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NC Man Claiming To Have Bomb Surrenders To Capitol Police Outside Library Of Congress

Washington, DC – A five-hour long standoff between U.S. Capitol Police and a man who claimed to have a bomb in his truck on Thursday morning ended peacefully in the afternoon when the man surrendered to officers.

U.S. Capitol Police Chief J. Thomas Manger told reporters the incident began at about 9:15 a.m. on Aug. 19 when a man drove a black pickup truck with no license plates onto the sidewalk outside the Library of Congress at First Street and Independence Avenue, SE, The Washington Post reported.

The man law enforcement officials have identified as Floyd Ray Roseberry of Grover, North Carolina, told a police officer who approached him on the sidewalk that he had a bomb inside of his truck.

The officer said that the suspect was holding something in his hand that could have been a detonator, MSNBC reported. h

SWAT and bomb squad units were called to the scene and law enforcement attempted to negotiate with the man.

Chief Manger said police delivered a phone to Roseberry using a robot but the man refused to pick it up and talk to them.

Police evacuated the Library of Congress and several nearby Congressional office buildings, the Associated Press reported.

Congress was not in session and most lawmakers have returned to their home districts for August recess, The Washington Post reported.

Roseberry livestreamed a series of videos to social media before and during the standoff.

The Huffington Post posted video to Twitter they said was from the scene in which the driver appeared to be addressing his remarks to President Joe Biden.

“If you blow my truck up, man hey, it’s on you, Joe,” the man said. “I’m ready to die for a cause.”

“And brother, you said if you could anything to save one life, one life, you said you’d do it. Well, you got a chance,” he said in the video. “I want to go home [unintelligible], I want to go home and see my wife.”

The driver may have been referring to a remark Biden made as vice president in 2013 during an argument for gun control, the Daily Voice reported.

“As the president [Obama] said, if your actions result in only saving one life, they’re worth taking,” President Biden said at the time. “But I’m convinced we can affect the well-being of millions of Americans and take thousands of people out of harm’s way if we act responsibly.”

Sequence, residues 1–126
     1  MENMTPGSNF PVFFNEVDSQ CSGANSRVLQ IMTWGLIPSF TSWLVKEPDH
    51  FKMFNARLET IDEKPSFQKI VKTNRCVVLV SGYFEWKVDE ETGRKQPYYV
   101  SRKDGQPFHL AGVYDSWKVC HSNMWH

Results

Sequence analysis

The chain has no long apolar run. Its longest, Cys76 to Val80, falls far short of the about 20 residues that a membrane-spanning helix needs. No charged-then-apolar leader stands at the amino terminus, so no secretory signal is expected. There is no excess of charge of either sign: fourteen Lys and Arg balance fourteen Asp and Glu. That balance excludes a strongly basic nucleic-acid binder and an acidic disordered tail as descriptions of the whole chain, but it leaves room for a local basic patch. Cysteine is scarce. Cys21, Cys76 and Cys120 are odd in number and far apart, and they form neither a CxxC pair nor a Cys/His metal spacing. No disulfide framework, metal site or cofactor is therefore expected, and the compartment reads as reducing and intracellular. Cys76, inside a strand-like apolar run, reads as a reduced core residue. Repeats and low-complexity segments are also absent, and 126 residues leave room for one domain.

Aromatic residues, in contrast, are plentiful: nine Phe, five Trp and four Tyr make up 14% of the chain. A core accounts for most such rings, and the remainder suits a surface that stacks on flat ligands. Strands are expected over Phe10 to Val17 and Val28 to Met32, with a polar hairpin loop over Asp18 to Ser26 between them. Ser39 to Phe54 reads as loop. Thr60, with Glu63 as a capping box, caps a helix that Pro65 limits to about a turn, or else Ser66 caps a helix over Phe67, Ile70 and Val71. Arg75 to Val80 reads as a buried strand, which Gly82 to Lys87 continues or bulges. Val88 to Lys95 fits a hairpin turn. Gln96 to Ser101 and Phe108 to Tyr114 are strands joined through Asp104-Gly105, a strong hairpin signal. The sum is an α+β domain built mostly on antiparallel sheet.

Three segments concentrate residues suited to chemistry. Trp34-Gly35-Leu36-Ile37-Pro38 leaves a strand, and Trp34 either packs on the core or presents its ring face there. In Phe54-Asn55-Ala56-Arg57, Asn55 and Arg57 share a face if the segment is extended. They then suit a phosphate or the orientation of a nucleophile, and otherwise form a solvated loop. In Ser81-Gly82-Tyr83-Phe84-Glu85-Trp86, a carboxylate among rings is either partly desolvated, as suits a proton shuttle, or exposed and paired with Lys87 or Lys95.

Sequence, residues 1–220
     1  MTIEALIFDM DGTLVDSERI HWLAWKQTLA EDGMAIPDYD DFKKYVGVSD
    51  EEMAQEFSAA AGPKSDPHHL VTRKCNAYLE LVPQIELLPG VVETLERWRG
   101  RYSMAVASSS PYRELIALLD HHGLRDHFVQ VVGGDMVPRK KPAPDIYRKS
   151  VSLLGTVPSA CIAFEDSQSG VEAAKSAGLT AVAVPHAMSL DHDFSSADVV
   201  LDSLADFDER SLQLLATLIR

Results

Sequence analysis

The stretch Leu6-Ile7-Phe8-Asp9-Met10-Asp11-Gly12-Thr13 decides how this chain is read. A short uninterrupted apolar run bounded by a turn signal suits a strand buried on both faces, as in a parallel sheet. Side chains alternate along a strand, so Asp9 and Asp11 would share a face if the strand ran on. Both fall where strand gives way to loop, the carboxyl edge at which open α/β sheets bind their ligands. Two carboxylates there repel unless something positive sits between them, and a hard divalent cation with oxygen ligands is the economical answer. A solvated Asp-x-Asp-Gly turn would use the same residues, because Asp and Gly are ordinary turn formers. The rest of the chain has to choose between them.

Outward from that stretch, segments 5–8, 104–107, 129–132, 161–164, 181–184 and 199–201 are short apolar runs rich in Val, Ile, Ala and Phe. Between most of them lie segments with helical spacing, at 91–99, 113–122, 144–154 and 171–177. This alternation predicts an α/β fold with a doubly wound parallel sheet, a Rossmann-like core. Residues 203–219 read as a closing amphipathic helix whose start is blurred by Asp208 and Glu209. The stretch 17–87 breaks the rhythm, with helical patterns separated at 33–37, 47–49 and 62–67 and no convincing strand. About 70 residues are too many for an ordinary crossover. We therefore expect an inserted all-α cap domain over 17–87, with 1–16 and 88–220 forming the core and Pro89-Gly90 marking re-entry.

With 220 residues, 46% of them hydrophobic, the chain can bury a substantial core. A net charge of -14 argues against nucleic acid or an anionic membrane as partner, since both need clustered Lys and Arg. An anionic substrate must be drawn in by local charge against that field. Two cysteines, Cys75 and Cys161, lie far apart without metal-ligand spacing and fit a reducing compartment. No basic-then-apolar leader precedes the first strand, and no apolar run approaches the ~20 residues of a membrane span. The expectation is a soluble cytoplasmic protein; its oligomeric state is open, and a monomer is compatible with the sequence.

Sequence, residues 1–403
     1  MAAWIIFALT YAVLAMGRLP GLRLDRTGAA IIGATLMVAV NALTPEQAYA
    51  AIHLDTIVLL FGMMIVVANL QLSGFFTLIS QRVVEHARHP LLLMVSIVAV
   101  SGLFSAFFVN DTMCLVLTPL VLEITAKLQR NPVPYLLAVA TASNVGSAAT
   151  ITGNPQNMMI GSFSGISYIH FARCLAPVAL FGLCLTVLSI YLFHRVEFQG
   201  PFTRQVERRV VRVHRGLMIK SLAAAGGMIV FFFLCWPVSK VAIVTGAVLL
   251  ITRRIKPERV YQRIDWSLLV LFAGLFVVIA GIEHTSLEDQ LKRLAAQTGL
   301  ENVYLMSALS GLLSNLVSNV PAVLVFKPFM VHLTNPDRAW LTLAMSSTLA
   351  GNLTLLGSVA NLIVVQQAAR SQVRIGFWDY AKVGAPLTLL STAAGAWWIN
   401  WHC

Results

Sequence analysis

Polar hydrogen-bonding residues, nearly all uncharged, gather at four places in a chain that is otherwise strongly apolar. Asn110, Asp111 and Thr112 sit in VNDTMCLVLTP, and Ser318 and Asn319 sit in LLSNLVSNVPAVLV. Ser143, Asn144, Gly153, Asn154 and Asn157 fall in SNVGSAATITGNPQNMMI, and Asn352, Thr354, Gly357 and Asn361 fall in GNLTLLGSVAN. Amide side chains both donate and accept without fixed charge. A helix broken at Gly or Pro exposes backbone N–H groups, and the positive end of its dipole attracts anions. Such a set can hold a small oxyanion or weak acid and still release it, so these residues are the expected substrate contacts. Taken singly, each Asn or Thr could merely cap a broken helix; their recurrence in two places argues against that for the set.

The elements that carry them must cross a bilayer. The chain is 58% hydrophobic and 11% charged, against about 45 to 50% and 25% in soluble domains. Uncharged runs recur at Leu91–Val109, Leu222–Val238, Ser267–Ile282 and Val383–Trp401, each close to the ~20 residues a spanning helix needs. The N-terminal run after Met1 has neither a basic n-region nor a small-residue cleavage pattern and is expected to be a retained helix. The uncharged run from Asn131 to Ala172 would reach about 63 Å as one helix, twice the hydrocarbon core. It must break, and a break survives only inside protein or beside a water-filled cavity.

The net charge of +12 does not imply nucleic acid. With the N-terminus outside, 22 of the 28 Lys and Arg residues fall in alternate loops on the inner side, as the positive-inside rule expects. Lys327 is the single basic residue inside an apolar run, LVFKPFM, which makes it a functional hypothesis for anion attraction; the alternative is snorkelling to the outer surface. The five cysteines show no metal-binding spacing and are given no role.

“We’re livin’ in a free country, Joe. The choice is yours,” the man identified by WCNC as Roseberry continued in the video.

“If you wanna shoot me and take the chance of blowin’ up two and a half city blocks, cause that toolbox is full,” the man said.

“Ammonium nitrate, it’s full,” he added. “I don’t wanna die, Joe, I wanna go home.”

In a second video posted to Twitter by the Huffington Post, the man appeared to be delivering a warning.

“But I’m telling you, bud. The south’s here. There’s five of us spread all across your little DC part here…” he said in that video.

In yet a third video, the driver got into detail about the bomb he claimed to have in his truck.

“I’m telling you, my windows pop, this bomb’s gonna go. It’s made for distance,” the man said in the video.

Then he warned that the bombs had been built by military experts.

“And if you don’t think it’s real gunpowder in there boss man, there’s gunpowder in there, and this is some of the strongest shit you can get and it’s full. I got two-and-a-half pounds of Tannerite [unintelligible]. But I’m telling you, Biden, if these window pop, this bomb goes. And there’s five of ’em here.”

Chief Manger said the standoff ended when Roseberry surrendered peacefully to authorities, the Associated Press reported.

He said he expected the investigation at the scene to take hours.

The police chief said he did not yet know whether investigators had found any explosives in Roseberry’s truck, the Associated Press reported.

He also said authorities hadn’t yet determined what charges Roseberry would face in connection with the standoff.

Written by
Sandy Malone

Managing Editor - Twitter/@SandyMalone_ - Prior to joining The Police Tribune, Sandy wrote the Politics.Net column for the Wall Street Journal and was managing editor of Campaigns & Elections magazine. More recently, she was an internationally-syndicated columnist for Conde Nast (BRIDES), The Huffington Post, and Monsters and Critics. Sandy is married to a retired police captain and former SWAT commander.

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Written by Sandy Malone


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